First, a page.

The Best Home-Cooked Diet for an Old Dog With IBD

by Scott Morgan
    People food is a no-no for a pup with IBD.

    People food is a no-no for a pup with IBD.

    Chris Amaral/Digital Vision/Getty Images

    Inflammatory bowel disease is the term for a set of gastrointestinal disorders that typically strike middle-aged and older dogs. While the causes are unknown, the effects are usually obvious. Vomiting, diarrhea, gas, loss of appetite and noisy gut are common symptoms. And an important part of treatment is a proper diet, often one you can make yourself.

    IBD cannot be cured and is often treated with antibiotics or other medicines designed to stop the gastrointestinal immune system from overproducing antigens. Most vets, however, prefer to manage the condition through diet and may prescribe a commercially made food or give you recipes to home-cook your dog's food. Each dog is different and some will require a specific diet with only a few ingredients. Consult your vet before feeding your dog any homemade meals designed to manage his IBD.

    Cooked meals for dogs suffering from IBD need to contain a good mix of proteins, fats and fiber. Foods rich in omega-3 fatty acids, such as fish and flaxseed oil, may help decrease intestinal inflammation and thus ease symptoms. Fresh meat or dairy protein sources, such as cheese, rabbit, venison and duck contain proteins that are broken down into more digestible nutrients.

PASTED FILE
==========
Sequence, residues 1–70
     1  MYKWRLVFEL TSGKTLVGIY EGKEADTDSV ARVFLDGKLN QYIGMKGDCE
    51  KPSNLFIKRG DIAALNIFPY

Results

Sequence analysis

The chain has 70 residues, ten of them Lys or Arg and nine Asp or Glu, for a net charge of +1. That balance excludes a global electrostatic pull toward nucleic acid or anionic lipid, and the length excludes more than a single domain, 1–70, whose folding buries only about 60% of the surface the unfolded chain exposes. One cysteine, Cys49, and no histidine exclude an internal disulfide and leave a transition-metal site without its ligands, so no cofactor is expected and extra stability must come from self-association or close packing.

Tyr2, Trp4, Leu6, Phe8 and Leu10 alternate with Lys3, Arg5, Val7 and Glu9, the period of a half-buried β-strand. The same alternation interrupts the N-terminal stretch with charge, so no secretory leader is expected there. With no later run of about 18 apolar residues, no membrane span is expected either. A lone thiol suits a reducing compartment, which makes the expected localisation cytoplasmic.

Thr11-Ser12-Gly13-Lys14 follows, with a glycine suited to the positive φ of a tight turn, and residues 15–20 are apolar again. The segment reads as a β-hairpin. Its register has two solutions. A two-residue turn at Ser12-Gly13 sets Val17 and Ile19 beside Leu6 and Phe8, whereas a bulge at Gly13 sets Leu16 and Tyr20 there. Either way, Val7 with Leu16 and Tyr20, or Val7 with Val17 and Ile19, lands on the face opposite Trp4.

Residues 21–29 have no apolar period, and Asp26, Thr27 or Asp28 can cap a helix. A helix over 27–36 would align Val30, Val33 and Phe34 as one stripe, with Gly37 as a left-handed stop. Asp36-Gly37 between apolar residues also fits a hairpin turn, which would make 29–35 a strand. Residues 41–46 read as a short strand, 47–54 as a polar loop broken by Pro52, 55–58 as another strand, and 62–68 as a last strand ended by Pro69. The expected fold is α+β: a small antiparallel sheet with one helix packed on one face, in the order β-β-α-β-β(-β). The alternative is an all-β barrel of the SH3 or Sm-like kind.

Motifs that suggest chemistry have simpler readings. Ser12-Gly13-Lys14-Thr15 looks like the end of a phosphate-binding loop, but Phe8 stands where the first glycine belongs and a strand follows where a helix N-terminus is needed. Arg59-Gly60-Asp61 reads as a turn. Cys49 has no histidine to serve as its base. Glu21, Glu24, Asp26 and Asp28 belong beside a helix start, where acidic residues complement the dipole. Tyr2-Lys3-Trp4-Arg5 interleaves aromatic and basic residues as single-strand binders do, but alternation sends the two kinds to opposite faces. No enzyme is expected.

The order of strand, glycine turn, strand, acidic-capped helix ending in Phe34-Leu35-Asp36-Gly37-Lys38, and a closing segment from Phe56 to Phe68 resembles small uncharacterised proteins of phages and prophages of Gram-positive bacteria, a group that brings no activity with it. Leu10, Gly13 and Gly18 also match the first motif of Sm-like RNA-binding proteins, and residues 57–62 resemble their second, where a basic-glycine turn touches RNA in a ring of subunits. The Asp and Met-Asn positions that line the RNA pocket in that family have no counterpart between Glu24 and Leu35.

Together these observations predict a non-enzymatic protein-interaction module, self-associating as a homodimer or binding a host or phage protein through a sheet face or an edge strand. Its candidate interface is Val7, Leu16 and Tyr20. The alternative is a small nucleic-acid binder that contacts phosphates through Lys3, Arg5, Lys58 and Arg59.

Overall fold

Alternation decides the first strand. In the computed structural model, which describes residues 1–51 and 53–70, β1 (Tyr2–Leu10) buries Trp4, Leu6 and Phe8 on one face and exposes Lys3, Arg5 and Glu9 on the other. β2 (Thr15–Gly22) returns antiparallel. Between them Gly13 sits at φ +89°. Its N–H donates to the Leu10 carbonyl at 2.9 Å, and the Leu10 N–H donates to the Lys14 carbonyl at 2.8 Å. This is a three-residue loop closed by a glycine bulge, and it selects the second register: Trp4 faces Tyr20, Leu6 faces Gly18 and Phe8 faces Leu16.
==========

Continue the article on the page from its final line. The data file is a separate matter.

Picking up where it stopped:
While some dogs with IBD do better when they eat more fiber, others do better when fiber is reduced. Vets often recommend fiber supplementation when IBD affects the colon, as fiber improves stool consistency and reduces the growth of harmful bacteria in the colon. Typically, high fiber foods, such as vegetables, are lower in fat. While fiber can trigger more bowel movements, the lower fat content from higher fiber diets often reduces diarrhea in dogs with IBD.

    An important part of treatment for your dog's IBD is keeping her away from people food. That means no table scraps, no bites of your sandwich and no feeding her bits of food that happen to fall on the floor. Also, avoid giving her most commercial dog treats, such as biscuits, which can be full of fillers and ingredients that will aggravate her stomach. Natural chew toys, or rawhides, also are out, as she likely will swallow pieces that flake off while she chews.

    Photo Credits

    • Chris Amaral/Digital Vision/Getty Images

    About the Author

    Scott Morgan is an award-winning reporter and editor who has covered central New Jersey since 2001. He has worked with the Princeton Packet Newsgroup, US 1 Publishing, "Unique Homes Magazine" and Community News Service. Morgan also serves as a professional speaker and teacher. He holds a bachelor's degree in humanities from Thomas Edison State College.

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